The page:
• Despite the French influence permeating their culture, I was also told that the emotional ties with France had weakened due to recent historical events* (have a read of my footnote if you are interested in why this happened). The most important example of this change is the increasing Moroccan business influence (albeit another country with the Francophone cultural and business influence). My colleague Leonce Ano, professor at MDE (one of the IESE Africa Initiative‘s associated business schools), pointed out that Morocco has become the first foreign investor in the country, ahead of France. Moroccan investment includes banking (la Banque Atlantique is one of the most important in the country), telcos (Etisalat group has delegated the management of several of the Franco West African operations to the Moroccan subsidiary after having acquired the vivendi stake in Maroc Telecom).
  • There is a strong industrial base, again compared to other diversified sub-Saharan economies, like Kenya or even Nigeria. For instance, visiting the Vridi district in Abidjan, one can see factories, of groups like Unilever, as well as many local ones run by Lebanese nationals (I assume I do not need to talk about the well-known Lebanese diaspora influence in West Africa). Again my colleague, Leonce Ano, who was accompanying me to visit some of these facilities explained that in the last four years, the industrial base has been growing at a rate of 10% per annum which is even more relevant since the Ivory Coast was one of the few countries in Africa which traditionally managed to maintain some industrial base after independence.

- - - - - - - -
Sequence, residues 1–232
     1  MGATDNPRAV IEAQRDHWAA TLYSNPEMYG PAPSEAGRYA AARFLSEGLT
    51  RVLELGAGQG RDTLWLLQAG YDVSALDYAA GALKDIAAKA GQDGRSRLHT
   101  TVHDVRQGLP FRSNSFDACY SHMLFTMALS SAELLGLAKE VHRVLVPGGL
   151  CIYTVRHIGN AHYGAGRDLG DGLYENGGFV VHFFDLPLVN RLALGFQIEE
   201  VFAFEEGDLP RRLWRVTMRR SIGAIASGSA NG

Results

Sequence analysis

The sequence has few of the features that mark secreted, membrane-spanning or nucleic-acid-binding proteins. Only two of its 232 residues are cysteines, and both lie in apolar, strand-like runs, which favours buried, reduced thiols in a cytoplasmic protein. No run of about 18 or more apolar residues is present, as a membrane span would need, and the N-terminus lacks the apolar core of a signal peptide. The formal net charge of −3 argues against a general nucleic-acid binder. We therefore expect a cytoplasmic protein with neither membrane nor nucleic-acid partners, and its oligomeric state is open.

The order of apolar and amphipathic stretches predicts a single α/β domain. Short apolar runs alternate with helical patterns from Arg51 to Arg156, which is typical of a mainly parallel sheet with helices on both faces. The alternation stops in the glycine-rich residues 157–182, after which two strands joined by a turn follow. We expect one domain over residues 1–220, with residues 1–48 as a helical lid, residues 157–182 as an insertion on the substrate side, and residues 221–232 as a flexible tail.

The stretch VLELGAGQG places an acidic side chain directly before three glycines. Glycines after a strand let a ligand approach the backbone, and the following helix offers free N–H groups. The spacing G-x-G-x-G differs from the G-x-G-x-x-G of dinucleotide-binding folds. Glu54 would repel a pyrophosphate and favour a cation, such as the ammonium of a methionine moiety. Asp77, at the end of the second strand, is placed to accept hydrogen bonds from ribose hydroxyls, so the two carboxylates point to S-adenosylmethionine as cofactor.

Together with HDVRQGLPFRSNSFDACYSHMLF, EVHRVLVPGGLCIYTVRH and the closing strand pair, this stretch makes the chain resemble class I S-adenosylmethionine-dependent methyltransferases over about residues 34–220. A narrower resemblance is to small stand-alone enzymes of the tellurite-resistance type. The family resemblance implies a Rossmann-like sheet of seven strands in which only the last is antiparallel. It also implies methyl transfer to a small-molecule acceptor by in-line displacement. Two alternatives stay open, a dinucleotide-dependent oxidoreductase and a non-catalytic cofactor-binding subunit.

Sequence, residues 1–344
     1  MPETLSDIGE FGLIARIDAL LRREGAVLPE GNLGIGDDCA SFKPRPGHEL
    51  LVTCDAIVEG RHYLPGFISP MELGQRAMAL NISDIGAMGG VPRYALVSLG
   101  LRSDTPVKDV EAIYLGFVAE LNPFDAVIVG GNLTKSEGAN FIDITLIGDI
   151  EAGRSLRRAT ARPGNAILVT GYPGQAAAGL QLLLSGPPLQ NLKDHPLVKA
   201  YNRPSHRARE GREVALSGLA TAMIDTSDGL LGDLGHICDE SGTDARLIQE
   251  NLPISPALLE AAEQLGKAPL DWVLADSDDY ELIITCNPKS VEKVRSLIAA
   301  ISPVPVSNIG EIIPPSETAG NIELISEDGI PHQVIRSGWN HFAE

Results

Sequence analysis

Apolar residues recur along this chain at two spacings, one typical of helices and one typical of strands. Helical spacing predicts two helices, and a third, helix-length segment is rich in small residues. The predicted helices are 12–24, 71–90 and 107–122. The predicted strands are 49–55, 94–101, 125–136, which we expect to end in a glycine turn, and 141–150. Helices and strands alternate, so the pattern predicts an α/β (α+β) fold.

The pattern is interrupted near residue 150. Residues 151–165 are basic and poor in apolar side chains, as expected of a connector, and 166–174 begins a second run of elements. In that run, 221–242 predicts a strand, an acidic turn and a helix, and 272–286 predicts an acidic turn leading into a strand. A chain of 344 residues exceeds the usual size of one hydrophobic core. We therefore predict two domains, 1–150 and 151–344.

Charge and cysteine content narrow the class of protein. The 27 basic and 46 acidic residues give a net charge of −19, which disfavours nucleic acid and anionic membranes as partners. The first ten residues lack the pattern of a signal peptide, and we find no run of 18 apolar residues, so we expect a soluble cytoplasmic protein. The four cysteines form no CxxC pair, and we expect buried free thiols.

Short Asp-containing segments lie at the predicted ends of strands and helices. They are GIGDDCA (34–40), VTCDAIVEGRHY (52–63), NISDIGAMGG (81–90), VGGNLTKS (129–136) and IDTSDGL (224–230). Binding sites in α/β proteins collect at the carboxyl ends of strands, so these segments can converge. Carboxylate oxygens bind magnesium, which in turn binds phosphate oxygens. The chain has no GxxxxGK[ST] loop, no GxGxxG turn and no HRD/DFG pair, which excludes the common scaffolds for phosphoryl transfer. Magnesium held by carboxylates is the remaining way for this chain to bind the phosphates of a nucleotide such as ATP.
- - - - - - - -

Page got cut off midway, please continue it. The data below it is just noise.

• On the retail front, the market seems very active but, if you compare it with with Kenya or South Africa it looks underdeveloped. The Lebanese PROSUMA group with their main brands – Sococé, Cash Ivoire and Bonprix has a strong grip on the sector. Companies such as Carrefour have recently entered the market (in actual fact, Carrefour is developing a new continent strategy which is targeting places like Algeria, the Ivory Coast and Kenya). It still remains to be seen as to whether they succeed or not. Their previous efforts in Algeria from 2006 to 2009 were unsuccessful in part for the regulatory hurdles – but also because of the power of the well-positioned incumbent retail groups in all the target countries.

A Sense of Cross Border Community and Caring

  • The final surprise for me was that Abidjan really feels like the “metropole” of a largerFrancophone Africa.” There are three factors that cause this impression: first, when visiting the port area in Abidjan, the quantities of trucks (maybe hundreds) parked waiting to get a load is astounding. Many of these trucks – so I was told – come from neighboring countries Burkina, Mali and Togo, to bring skin and agricultural products and take back industrial goods either imported or manufactured in Abidjan.